When I was reviewing and selecting my favorite city creature photos for this post, my mind kept going back to a quotation about people-watching in Found magazine’s interview of musician Willis Earl Beal:
When I’m watching people, I feel like I develop this powerful, almost God-like understanding of them. I can see deep within them. Of course, really, they’re becoming an extension of who I am. I don’t know what their story is, but imagining their stories is a way of exploring yourself.
Milkweed bug on butterfly weed in Lincoln Park, July 2014
The quote struck me as revelatory and I immediately wanted to try to apply it to photography. Willis’s idea makes sense in the context of street photography or portraiture, but I wanted to see if I could apply it to what I was working on—photos of herring gulls on the Chicago River, and close-up photos of butterflies and wasps.
Postman butterfly at the Peggy Notebaert Nature Museum
Eastern cicada killer wasp in the Lurie Garden
This past summer, I made many early morning photo trips to Lincoln Park Nature Boardwalk and Lurie Garden. Every morning, when I geared up to explore, I was overcome with delight and anticipation. Hard to express in words, but it came from knowing that I had plenty of morning sunlight ahead of me and a garden full of beautiful subjects.
Young short-winged katydid in the Lurie Garden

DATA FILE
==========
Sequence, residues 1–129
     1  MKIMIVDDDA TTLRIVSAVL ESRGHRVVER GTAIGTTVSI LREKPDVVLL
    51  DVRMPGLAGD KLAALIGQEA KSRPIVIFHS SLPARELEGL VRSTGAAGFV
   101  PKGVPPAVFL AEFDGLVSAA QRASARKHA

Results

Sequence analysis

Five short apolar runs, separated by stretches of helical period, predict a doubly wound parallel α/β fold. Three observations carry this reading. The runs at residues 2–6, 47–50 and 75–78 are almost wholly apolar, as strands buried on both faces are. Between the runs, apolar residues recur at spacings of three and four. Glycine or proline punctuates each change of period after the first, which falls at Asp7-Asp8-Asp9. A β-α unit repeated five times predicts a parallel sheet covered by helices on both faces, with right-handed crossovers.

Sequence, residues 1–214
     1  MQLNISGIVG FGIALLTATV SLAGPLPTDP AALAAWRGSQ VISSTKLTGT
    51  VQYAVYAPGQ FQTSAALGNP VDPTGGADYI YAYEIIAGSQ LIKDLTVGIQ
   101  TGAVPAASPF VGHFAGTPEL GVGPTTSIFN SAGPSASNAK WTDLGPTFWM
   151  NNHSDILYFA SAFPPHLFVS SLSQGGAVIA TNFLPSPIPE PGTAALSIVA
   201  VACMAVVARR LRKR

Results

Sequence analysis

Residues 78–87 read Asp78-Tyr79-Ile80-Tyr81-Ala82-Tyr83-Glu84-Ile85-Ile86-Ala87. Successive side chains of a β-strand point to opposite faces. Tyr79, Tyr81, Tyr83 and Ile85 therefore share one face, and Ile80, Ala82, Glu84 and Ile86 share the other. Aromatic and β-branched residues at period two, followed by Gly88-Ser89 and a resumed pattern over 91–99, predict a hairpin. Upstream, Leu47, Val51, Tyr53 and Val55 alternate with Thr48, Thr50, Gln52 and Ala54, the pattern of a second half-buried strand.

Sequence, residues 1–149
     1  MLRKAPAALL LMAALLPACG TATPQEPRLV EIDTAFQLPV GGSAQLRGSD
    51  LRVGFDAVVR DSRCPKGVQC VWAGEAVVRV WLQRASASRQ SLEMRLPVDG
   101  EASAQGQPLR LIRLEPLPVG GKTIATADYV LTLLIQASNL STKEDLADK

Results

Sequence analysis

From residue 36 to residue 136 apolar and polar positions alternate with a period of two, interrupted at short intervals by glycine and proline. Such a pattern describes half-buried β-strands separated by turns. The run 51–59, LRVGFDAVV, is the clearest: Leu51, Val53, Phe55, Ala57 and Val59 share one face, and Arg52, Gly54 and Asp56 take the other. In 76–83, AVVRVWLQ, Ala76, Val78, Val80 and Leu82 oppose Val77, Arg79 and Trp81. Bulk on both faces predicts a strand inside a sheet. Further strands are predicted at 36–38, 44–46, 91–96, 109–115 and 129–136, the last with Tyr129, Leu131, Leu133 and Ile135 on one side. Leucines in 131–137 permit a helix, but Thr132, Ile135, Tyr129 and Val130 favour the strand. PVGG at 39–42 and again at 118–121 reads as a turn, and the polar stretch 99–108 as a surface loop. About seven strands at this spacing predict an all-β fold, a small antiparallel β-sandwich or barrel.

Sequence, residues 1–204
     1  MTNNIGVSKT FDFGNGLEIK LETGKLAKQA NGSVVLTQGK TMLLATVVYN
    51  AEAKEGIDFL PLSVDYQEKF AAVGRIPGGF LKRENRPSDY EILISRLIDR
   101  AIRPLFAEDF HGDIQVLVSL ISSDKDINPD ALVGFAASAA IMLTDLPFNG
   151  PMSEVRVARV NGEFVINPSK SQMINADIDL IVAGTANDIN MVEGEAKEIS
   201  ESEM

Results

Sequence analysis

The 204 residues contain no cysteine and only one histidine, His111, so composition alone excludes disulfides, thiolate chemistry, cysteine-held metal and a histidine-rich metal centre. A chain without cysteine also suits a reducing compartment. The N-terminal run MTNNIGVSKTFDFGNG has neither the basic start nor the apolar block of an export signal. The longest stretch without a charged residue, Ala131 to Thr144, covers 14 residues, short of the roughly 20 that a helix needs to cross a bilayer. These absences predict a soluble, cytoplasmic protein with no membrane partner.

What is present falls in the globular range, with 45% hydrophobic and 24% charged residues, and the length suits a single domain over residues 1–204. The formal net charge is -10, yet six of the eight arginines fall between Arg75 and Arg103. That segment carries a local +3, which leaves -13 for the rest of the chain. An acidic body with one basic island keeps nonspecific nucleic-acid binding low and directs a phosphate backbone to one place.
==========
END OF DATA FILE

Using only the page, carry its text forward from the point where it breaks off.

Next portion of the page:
My feelings might sound like those of a bona fide tree-hugger, but I haven’t always been interested in nature photography. My entry into photographing non-human scenes and subjects came a few years ago, when my friend Tom Dyja was putting together a wonderful book called The Third Coast: When Chicago Built the American Dream and asked me to get a photo of the Alfred Caldwell Lily Pool (also known to native Chicagoans as the Rookery) in Lincoln Park. It was one of my first professional assignments and I wanted to do a great job, so I put a lot of shooting hours into it. I would wake up early, bike down to the lily pool, gear up and feel that same near-ecstatic feeling. My experiences at the lily pool led me to welcome other nature-related assignments and prompted me to seek out pathways of my own.
Alfred Caldwell Lily Pool, Lincoln Park
I’m especially interested in close-up photos of eyeballs—though I’m not exactly sure why. The eyes of insects fascinate me—they’re complex and beautiful. I want to make my macro photos look like portraits, so I try to get sharp focus on my subject’s eyes. Eyeballs are important.
Cabbage butterfly in Andersonville, Chicago
Riddle the kitty
“I don’t know what their story is, but imagining their stories is a way of exploring yourself.”
I love Beal’s understanding of storytelling. So I have to ask: (1) If I take a portrait of a milkweed bug, does the milkweed bug (and the photograph) become an extension of me? (2) Do I see myself in this photo of an eastern forktail damselfly? (3) Do I feel a connection with a garden full of beautiful and interesting subjects? (1) Yes. (2) Maybe just a little bit. (3) Most definitely.
Eastern forktail damselfly, Lincoln Park
All photographs by Bill Guerriero.